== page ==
Five things we noticed from day one of the 2015 World University Games in Gwangju, South Korea
#1 Jack Conger Feels the Need for Speed
At the 2013 World University Games in Kazan American Jack Conger won the men’s 200 backstroke, this year he will not defend that title, but will compete for gold in the men’s 50 and 100 backstroke and 100 freestyle.
On the first night of finals Conger swam the 100 backstroke semi-final and the men’s 4 x 100 freestyle relay final.
Conger will be going into the 100 backstroke final with the third fastest time of 54.53, but it was his performance in the relay that showed that the American is performing at the top of his game.
Conger, who has a lifetime best of 49.28 in the 100 freestyle, had an incredible split in the men’s 4 x 100 freestyle relay posting a time of 47.75. Conger’s time was faster than the splits put up by Ryan Lochte (48.20) and Anthony Ervin (48.57) at the Pan Pacific Championships last year. His time was also only four one-hundredths of a second slower than Nathan Adrian’s split (47.71).
His split was also faster than Lochte (47.80) and Jimmy Feigen’s (48.23) at the 2013 World Championships.
Look for Conger to continue to feed that need for speed throughout the competition.
#2 The Medals Standings May Look a Little Different This Year
In Kazan the Russians won the medal standings, dominating in the gold medal count, collecting 17 gold, eight silver and four bronze. The Americans finished second with six gold, nine silver and nine bronze.
In 2013 it was very obvious that the Russians wanted to make an impression on home soil after finishing 15th in 2011. After the first day of events it looks like the medal standings will be a little different in Gwangju.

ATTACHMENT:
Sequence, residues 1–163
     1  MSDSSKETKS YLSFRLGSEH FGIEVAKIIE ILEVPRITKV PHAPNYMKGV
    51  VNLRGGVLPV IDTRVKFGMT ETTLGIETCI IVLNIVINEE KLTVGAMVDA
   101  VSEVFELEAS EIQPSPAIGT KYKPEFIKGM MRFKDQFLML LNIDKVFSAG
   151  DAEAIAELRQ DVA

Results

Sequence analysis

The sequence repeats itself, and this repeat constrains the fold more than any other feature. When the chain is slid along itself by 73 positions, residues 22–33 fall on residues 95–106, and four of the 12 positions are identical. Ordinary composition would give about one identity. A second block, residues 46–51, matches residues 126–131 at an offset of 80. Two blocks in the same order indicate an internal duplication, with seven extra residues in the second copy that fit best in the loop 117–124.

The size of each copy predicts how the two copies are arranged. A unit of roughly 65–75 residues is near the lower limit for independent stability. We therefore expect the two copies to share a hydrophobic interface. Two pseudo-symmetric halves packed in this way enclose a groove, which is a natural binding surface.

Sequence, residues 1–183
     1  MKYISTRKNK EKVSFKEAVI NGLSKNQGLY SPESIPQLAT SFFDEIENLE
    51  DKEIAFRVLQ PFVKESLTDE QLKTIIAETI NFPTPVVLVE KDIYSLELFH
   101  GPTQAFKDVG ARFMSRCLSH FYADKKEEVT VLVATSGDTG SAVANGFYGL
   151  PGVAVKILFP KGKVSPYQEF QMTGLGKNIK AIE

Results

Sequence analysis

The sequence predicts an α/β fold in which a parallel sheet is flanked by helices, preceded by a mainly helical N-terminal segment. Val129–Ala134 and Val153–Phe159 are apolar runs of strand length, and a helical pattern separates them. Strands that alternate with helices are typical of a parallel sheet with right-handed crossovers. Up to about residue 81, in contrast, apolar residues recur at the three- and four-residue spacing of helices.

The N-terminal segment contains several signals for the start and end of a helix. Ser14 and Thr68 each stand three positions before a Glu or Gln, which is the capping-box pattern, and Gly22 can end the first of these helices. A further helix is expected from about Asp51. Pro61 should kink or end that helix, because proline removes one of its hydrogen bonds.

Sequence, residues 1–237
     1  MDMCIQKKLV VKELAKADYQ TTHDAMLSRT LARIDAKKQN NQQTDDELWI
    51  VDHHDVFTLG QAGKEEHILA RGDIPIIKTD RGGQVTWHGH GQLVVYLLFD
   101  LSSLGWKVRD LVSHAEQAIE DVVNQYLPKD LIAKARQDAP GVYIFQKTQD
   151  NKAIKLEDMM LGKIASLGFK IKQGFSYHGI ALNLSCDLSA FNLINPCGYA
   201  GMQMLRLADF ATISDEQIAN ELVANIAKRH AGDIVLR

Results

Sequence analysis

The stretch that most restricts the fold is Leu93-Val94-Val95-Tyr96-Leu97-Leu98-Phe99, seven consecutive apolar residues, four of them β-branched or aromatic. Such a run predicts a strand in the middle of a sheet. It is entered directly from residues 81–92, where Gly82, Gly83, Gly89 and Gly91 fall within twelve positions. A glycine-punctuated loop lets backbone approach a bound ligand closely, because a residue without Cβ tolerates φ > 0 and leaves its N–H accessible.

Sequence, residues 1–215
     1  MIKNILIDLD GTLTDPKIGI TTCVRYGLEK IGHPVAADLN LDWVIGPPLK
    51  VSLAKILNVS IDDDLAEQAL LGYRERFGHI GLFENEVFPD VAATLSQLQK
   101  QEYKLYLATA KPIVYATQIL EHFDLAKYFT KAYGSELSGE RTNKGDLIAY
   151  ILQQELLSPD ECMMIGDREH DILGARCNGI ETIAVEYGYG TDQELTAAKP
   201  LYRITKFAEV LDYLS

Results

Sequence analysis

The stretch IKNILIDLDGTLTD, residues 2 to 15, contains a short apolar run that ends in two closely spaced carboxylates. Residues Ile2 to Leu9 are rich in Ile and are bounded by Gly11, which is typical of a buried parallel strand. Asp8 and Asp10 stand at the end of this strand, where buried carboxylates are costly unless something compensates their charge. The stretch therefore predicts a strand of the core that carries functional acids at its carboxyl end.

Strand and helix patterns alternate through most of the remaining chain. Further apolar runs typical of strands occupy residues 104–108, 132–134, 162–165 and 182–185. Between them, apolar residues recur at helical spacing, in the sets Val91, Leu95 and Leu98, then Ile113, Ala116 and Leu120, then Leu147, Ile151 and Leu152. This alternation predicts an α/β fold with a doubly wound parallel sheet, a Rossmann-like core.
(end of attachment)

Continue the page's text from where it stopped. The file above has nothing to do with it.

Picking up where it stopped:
In 2013 the Russians won five out of six relay events, on the first day of the 2015 Universiade they collected a bronze in both the men’s and women’s 4 x 100 freestyle relay.
Although the Russians do have five athletes moving on to the finals tomorrow none of them are looked at as strong favourites to win individual events.
The Americans also collected three gold on the evening, earning half the number of gold they won two years ago on the first night of the competition.
#3 American Relays Leave Their Mark
As mentioned in the point above in 2013 the Russians dominated the relay events winning five out six possible gold medals, the only relay they did lose was the women’s 4 x 200 freestye which was won by the Americans.
This year the Americans are off to a strong start and will be looking to dominate the relay events in 2015 the same way the Russians did in 2013.
On night one the Americans won both the men’s and women’s 4 x 100 freestyle relays. The women’s team posted a time of 3:38.12 winning the event and breaking the games record of 3:38.15 set by the Russians in 2013.
The men’s team took their event by over two seconds, winning the relay in a time of 3:15.85. Japan earned the silver finishing in a time of 3:17.98.
#4 Familiar Faces in the Men’s 50 Butterfly
At the 2013 edition of the event Yauhen Tsurkin of Belarus tied Ukrainian Andriy Hovorov for the gold in the men’s 50 butterfly while Italian Piero Codia won the bronze. Tsurkin was the fastest qualifier for tomorrow night’s final posting a time of 23.43, just off his season’s best of 23.36, which ranks fourth in the world.
Codia finds himself in a familiar spot qualifying in the third place position with a time of 23.48.
Brazilian Henrique Martins had the second fastest qualifying time of 23.46, which did not beat his prelim swim of 23.38.
Both Tsurkin and Codia have a strong likelihood of coming home from South Korea with hardware in the men’s 50 butterfly.
#5 British Breaststrokers
Great Britain currently has four athletes ranked in the top 20 in the world and two of them will be competing in tomorrow night’s final. Craig Benson qualified first in a time of 1:00.16 while James Wilby was the fourth fastest qualifier hitting the wall in a time of 1:00.59.
The two will look to bring gold and silver back to Great Britain. It won’t be easy as the final will include Caba Siladji of Serbia who has a best time of 59.79 and Dmitry Balandin of Kazakhstan who posted a 1:00.27 in the semi-finals.